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Examining the value of healthcare plastics recycling

Examining the value of healthcare plastics recycling
Image provided by the Healthcare Plastics Recycling Council

Recycling programs in hospitals are reportedly expanding, but given the amount of waste produced each day, there’s definitely opportunity for improvement. A new program organized by the Healthcare Plastics Recycling Council promises to demonstrate the value of plastics recycling.

U.S. hospitals and healthcare facilities generate significant amounts of waste each day—according to Practice Greenhealth, it’s about 14,000 tons each day. Some of that waste seems to be making its way into recycling streams, because according to the association, 83.6% of it’s award winning hospitals have initiated clinical plastics recycling programs. However, there’s opportunity for further progress, given that a survey Practice Greenhealth conducted last year along with HPRC found that 66% of responding hospitals are recycling 40% or less of what could be recycled. 

To further the promotion of recycling, Tod Christenson, HPRC’s executive director, says that the group is announcing a project in Chicago to demonstrate the economic viability of healthcare plastics recycling. Called the “100 Tons Project,” the program aims to recycle 100 tons of noninfectious plastic products and packaging from hospitals. “We are excited to have participants from across the value chain including hospitals, waste transporters, [and] recyclers, and we even [have] an end-user that wants all the polypropylene we can generate,” he explains. “We are going to get that number.” 

According to HPRC, initial Chicago-area hospitals participating in the project include Advocate Illinois Masonic Medical Center and NorthShore University HealthSystem Glenbrook, Evanston and Skokie campuses. Other area hospitals are also considering the opportunity to join the project, it was reported at time of press release.

The potential materials being targeted for collection and recycling include primarily polypropylene and polyethylene resins in the form of sterilization wrap, irrigation bottles, basins, pitchers, trays, Tyvek, and rigid and flexible packaging materials, HPRC reports on its Web site. "Companies providing logistics and recycling support include Waste Management of Illinois Inc., LakeShore Recycling Services, and Antek Madison. Key Green Solutions LLC, a sustainability management software service provider, will collect and maintain project metrics. Barger, a division of PLACON, will lend additional financial support to the project as interested end-users looking to create new products from the recycled materials, and Petoskey Plastics will supply specialized bags to accumulate and transport the plastic materials," HPRC reports.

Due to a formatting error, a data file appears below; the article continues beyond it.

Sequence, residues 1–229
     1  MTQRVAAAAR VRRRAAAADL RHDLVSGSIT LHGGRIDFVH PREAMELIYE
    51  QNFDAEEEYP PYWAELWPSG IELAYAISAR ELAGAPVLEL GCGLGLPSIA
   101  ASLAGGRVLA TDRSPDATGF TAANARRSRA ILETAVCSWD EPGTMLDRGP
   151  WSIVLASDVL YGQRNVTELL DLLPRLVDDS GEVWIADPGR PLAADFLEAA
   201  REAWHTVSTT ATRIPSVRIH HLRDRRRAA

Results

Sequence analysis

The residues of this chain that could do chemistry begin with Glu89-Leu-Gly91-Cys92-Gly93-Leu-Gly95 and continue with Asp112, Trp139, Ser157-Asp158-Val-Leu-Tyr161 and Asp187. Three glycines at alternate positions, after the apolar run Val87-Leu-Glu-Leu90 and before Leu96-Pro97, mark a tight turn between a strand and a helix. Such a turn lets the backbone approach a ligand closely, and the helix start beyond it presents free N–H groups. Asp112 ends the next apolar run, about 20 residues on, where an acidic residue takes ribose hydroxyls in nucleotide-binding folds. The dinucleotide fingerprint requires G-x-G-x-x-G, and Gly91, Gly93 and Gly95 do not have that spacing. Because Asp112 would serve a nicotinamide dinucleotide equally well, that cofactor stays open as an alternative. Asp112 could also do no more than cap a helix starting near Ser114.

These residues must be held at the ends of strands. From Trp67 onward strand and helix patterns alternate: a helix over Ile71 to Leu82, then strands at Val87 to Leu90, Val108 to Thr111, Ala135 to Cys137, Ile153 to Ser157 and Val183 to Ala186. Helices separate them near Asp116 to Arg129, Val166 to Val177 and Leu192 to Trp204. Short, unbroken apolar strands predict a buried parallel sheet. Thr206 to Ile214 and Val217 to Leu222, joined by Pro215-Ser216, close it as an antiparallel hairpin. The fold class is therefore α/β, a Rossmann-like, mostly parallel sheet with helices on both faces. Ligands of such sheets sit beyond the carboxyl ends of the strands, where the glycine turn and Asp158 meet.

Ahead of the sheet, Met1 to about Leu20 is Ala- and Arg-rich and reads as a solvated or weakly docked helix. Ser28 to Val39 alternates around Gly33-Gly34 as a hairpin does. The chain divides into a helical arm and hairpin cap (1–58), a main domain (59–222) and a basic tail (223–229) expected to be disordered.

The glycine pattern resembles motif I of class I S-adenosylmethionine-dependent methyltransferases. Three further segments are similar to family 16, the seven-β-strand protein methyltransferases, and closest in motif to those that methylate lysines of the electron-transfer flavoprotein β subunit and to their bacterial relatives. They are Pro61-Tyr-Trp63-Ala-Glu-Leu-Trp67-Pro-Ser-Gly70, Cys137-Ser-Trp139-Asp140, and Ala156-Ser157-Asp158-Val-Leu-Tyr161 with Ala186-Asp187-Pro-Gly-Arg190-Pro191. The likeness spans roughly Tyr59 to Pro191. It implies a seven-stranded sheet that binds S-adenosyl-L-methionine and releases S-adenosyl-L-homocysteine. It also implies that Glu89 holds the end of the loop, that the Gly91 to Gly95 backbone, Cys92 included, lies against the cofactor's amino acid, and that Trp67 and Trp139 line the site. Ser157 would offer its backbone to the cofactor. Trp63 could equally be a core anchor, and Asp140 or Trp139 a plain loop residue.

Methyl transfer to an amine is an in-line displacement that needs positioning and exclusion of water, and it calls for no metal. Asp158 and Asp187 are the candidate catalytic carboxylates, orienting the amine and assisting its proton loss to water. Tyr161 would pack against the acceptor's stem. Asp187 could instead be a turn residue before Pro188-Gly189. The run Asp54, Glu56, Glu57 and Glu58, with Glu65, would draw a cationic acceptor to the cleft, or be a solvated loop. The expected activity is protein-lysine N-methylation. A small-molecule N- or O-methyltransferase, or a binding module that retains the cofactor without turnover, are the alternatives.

With some recyclers reporting changing demand, I asked Christenson how the drop in oil prices would impact recycling. “It’s a concern, because it changes the basic economics,” he says. “As the price of oil drops, so does the price of virgin resin, so recycled material loses its luster.”

Christenson says he “likes to believe it won’t hinder our efforts. Economics is still a driver for hospitals, but the reality is they are already moving materials, and the cost to hospitals to recycle is minimal. There’s also a strong internal driver from doctors and nurses—there are expectations of their organizations to do something to avoid just throwing all this material away.” 

Recycling also plays a significant role in EUROPEN’s Circular Economy Package, announced in December 2015. HPRC is contemplating forming a European chapter to not only leverage its work in the United States, but also get involved in the Circular Economy dialogue in Europe. “We are thinking about how it applies to healthcare plastics,” he says. “It is not waste anymore—it’s thought of as a resource stream. I understand the initiative as taking one person’s waste and making it someone else’s asset.” 

The idea is to add value. Sorting plastics waste, for instance, adds value. “And if you go back upstream to design products so that they can more easily be sorted by material type at end-of-use, that adds value, too,” he says. “It’s thinking about the end at the beginning. 

“We more and more will be living in a resource-constrained world, so we cannot afford to waste anything,” Christenson says.

 
 
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